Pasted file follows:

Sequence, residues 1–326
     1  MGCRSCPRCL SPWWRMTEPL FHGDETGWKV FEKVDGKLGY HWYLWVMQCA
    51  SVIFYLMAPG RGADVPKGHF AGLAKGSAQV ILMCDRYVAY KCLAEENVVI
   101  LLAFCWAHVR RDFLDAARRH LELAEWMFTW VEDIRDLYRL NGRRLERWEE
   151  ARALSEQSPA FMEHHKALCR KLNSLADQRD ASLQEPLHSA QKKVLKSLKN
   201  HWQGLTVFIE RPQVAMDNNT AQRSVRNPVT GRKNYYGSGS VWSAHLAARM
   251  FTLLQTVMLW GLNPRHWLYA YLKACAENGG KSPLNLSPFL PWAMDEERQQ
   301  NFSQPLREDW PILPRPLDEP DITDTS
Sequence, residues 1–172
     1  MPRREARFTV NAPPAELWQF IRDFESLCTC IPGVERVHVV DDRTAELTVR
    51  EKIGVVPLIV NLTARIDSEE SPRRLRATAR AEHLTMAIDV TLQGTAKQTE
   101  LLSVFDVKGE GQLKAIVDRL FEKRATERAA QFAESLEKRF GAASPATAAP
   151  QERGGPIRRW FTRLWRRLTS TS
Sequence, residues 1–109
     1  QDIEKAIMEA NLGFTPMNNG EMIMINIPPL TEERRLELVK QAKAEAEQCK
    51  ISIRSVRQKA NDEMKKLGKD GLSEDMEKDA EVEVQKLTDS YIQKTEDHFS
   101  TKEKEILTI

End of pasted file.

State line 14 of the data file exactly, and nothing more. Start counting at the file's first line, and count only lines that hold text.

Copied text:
Sequence, residues 1–109